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Monday, July 23, 2012

How long can Spain fund itself at these levels?

Once again the crisis came roaring back this weekend, with a terrible Spanish debt auction last week and rumours that a raft of Spanish regions will need aid from the central government (as we predicted here) sending Spanish 10 year borrowing costs skyrocketing to a record 7.55%.

The questions now turn to how long the central government can fund itself and its regions at these levels.

By all accounts Spain has done well to ‘pre-fund’ a large amount of its debt this year (meaning its already borrowed most of the money it needs to), while the average interest rate on its debt remains fairly low (around 4%) while the average maturity of its debt is around six and a half years – in all not a bad debt profile considering everything. However, around 10% is soon to be added to the debt to GDP ratio while the mounting costs of bailing out the Spanish regions will only exacerbate this. All the while growth continues to stall – the Bank of Spain announced this morning that the Spanish economy contracted by 0.4% in the second quarter of this year, to add to the 0.3% decrease in the first quarter.

Those of you that read our recent report on the Spanish bank bailout will know that we pre-emptively tackled this issue in detail, but just in case here’s a refresher from the report:
 …looking at the Spanish state’s funding needs over the next few years, even with the recapitalisation of the banks taken care of, it faces a huge level of debt refinancing. Up to mid-2015 Spain faces funding needs of €547.5bn, over half its GDP and a large majority of its debt.

Spanish debt maturing
The Spanish central government will need to rollover €209bn in bonds and €75bn in bills, equal to almost 30% of GDP and close to half of its official debt. This will become increasingly difficult if Spanish borrowing costs remain at elevated levels.

Spanish deficit 
From mid-2012 to mid-2015 Spain will have to finance a deficit worth €179bn – that is assuming it manages to stick to the IMF projections and its deficit cutting plans.

Unpaid bills 
Spain also faces large stocks of unpaid bills at all levels of government, totalling around €105bn. These are due to be wound down over the next year or two despite having been at elevated levels for some time. Ultimately these funds are mostly owed to domestic creditors meaning withholding the money for longer will be counterproductive for the Spanish economy. (In light of this weekend's  rumours its interesting to note that the recent boom in arrears came nearly exclusively from regional governments).

…the amount to be rolled over in the next year or two is still particularly large…This will further increase the pressure on the banks to load up on Spanish sovereign debt, with potentially huge consequences if this loop ever breaks down. If the problems in the banking sector are not resolved their ability to continue funding the state will at some point come under huge pressure, if this falls apart Spain may find itself without any willing creditors.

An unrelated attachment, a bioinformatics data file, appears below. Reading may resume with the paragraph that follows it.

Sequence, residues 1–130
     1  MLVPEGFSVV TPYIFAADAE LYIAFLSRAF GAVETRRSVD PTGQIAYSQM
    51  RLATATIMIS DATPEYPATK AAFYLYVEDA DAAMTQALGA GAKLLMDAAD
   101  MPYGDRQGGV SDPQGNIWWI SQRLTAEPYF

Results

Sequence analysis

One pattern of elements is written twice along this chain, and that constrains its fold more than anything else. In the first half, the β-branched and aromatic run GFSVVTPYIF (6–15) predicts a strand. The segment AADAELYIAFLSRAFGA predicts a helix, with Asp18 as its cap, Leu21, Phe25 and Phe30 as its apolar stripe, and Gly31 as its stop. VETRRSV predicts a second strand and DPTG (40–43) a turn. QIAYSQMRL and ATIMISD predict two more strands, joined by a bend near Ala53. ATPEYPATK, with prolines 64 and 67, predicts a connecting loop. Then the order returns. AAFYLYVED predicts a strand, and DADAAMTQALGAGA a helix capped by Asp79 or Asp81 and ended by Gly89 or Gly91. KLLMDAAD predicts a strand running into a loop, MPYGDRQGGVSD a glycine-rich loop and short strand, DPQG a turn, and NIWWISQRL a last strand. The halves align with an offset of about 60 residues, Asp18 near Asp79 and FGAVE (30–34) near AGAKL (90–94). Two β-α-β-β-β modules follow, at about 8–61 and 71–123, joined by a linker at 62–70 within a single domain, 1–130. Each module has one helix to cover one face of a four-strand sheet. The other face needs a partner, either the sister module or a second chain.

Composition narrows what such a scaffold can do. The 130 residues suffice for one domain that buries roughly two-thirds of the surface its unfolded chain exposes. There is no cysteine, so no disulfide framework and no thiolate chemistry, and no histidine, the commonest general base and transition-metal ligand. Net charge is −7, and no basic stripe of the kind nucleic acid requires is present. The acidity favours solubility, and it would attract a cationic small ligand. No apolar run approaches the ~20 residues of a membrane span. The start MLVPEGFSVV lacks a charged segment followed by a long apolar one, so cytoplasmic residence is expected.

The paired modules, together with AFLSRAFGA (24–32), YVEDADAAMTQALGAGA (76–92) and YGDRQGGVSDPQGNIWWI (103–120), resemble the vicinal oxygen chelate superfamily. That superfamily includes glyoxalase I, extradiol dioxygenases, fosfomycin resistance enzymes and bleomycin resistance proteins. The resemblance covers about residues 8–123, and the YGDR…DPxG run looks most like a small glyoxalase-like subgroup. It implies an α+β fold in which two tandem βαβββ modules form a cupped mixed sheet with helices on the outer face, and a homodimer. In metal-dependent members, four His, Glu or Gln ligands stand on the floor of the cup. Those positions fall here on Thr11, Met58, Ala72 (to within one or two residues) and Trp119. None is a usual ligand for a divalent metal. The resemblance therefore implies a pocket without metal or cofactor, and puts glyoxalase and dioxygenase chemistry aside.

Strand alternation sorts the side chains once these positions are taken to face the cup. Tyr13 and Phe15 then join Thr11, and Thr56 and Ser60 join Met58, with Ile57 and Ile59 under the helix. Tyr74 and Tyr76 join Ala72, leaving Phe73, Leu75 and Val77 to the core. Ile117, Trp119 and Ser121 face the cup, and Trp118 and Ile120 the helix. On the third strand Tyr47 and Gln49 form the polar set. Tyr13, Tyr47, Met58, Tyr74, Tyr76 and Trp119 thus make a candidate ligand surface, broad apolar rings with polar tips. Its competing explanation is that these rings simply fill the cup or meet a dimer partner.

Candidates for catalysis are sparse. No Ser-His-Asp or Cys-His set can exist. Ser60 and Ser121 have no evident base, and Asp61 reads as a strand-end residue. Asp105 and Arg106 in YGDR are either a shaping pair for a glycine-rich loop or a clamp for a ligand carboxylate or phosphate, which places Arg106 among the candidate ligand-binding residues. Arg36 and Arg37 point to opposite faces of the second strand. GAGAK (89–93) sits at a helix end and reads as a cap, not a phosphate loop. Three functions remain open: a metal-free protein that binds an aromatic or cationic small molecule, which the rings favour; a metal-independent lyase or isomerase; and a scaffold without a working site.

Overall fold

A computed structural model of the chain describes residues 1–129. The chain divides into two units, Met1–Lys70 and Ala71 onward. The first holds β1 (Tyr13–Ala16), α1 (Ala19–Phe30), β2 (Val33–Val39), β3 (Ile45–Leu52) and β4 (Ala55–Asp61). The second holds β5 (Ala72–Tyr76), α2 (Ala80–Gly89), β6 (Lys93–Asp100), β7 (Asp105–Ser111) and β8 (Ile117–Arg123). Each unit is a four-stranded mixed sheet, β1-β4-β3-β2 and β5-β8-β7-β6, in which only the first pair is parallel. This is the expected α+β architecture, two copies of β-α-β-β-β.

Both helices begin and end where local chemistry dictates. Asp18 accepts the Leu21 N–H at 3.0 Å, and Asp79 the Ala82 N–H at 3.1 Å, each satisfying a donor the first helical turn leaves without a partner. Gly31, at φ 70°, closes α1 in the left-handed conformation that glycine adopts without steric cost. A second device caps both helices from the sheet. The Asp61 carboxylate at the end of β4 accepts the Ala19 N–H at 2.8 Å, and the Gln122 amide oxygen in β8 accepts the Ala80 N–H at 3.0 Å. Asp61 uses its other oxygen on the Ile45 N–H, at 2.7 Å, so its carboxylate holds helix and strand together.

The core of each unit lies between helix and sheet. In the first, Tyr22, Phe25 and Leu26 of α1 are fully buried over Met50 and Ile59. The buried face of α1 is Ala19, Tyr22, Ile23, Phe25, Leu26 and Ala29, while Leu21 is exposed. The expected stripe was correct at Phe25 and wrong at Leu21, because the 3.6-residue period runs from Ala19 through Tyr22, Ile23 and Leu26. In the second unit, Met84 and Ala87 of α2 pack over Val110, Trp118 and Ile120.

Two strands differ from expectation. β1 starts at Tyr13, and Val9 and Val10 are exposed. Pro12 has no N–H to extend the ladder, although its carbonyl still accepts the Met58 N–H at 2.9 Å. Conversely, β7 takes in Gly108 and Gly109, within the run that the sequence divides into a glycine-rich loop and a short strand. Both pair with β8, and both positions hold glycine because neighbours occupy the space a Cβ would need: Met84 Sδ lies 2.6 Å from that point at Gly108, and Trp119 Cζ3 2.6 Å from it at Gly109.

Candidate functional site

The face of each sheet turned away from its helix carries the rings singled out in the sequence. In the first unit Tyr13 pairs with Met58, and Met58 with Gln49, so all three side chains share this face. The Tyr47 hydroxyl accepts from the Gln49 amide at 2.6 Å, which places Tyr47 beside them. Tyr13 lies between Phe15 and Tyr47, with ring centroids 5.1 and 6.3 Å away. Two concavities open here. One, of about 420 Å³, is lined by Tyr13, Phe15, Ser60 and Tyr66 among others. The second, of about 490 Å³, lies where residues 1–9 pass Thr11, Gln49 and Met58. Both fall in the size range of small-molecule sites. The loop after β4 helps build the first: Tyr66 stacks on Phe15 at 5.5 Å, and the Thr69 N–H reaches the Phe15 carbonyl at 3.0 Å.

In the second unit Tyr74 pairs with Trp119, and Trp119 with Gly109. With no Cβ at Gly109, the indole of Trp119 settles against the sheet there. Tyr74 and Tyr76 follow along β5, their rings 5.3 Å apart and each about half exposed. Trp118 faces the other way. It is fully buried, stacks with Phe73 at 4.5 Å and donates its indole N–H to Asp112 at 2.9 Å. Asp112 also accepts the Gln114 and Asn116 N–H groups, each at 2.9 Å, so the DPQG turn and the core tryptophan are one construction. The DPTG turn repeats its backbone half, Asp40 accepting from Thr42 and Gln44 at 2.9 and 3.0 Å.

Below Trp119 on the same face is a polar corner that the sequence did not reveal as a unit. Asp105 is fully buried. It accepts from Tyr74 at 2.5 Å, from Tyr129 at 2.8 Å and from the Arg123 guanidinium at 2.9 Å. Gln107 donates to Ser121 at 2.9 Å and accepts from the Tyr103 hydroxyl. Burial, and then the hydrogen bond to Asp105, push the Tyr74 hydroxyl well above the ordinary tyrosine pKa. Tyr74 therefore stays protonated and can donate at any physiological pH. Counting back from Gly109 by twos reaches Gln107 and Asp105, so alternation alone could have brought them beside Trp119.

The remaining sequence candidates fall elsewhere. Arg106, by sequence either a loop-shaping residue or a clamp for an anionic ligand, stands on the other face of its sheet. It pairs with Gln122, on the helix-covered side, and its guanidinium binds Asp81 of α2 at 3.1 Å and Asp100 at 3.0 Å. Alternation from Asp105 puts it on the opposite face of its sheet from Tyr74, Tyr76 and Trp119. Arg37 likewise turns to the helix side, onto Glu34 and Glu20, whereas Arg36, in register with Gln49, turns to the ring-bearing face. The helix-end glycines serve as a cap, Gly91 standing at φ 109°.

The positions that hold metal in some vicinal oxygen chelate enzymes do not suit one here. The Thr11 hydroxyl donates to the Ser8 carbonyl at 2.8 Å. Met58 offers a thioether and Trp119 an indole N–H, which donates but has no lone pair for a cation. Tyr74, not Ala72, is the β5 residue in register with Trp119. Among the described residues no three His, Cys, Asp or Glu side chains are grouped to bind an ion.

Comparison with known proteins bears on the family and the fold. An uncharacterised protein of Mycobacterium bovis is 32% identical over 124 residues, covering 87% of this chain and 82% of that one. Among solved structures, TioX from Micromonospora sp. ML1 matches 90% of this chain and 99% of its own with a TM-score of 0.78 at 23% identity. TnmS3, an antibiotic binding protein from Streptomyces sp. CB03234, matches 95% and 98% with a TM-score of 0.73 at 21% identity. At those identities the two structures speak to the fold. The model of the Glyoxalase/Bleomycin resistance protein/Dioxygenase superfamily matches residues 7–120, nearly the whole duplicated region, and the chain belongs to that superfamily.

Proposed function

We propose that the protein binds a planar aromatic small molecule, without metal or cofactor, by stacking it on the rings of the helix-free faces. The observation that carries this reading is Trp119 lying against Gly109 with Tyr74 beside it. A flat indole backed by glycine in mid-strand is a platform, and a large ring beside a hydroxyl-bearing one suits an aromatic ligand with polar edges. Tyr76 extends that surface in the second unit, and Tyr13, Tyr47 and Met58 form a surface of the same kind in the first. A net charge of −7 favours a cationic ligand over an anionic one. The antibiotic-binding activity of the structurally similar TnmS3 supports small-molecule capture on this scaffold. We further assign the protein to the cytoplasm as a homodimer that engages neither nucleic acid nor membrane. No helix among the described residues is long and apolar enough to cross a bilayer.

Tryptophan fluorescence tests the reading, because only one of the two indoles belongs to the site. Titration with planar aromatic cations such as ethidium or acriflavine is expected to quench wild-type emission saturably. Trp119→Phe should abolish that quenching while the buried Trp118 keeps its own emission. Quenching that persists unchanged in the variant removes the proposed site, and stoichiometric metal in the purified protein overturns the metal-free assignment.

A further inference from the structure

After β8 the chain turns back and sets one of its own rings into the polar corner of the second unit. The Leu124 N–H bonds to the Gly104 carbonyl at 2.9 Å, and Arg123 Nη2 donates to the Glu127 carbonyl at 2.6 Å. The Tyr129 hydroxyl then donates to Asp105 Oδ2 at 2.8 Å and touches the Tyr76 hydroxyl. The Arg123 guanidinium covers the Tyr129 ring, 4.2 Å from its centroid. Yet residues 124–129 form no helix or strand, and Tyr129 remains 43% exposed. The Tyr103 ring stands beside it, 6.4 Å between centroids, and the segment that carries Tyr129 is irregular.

Rik said...

The amount of roll overs is not really important. If it would be tried to keep the yields say below 7% you have both the roll overs as well as the normal secundary market to deal with.
Basically you have to act as a buyer for everybody who wants to sell there. As the price of the bond is (substantially and) clearly higher than its value basically no normal market party will buy. Unless it would be more or less guaranteed that this will continue (but we havenot seen that yet in this crisis, a lot of big talk but everything highly conditional).

Basically what you need is both buying the roll overs (and new debt) plus a buyer for the secundary market. If not you will with say Spain end up in a situation in which you have existing bonds with 10+% yields while new issues are against say 6%. An unworkable situation.

It can work but you should be willing to let the secundary market go completely and you need an E-thing to buy the new issues. A normal bank can never defend against its shareholders that it accepts say 6% when somewhere else for the same thing they could get 10%.
This way you donot require to finance the roll over and the secundary market is not longer an issue. However Spain's banks will likely take a hit and a few others as well. And Spain would be an official bail out.

Preferably combined with with a PSI (especially extending the duration, to avoid roll overs). If you donot need to roll over only the new deficits have to be taken care of. And that is a much lower amount.

Anyway seen the present rescue-capacity this simply looks unavoidable. If Spain becomes an official candidate (probably a matter of weeks) the capacity is already hardly enough and Italy looks almost certain to follow.

Anonymous said...

You write: "...while the average interest rate on its debt remains fairly low (around 4%)..."

Please remember, when Greece waved the white flag and begged for a bailout their average coupon was only 4.4 percent. And while both Greece and Spain killed their banks before they asked for a bailout (by more or less forcing them to buy ridiculous amounnts of sovereign debt), the overall health of Greek banks was much better.

Rollo said...

You have missed the point. It cannot fund itself at all. All it can do is pile up the debt mountain, so that interest payments increase exponentionally. The bailout needs to be 4 Trillion Euros to work for the eurozone as a whole, or as a hole.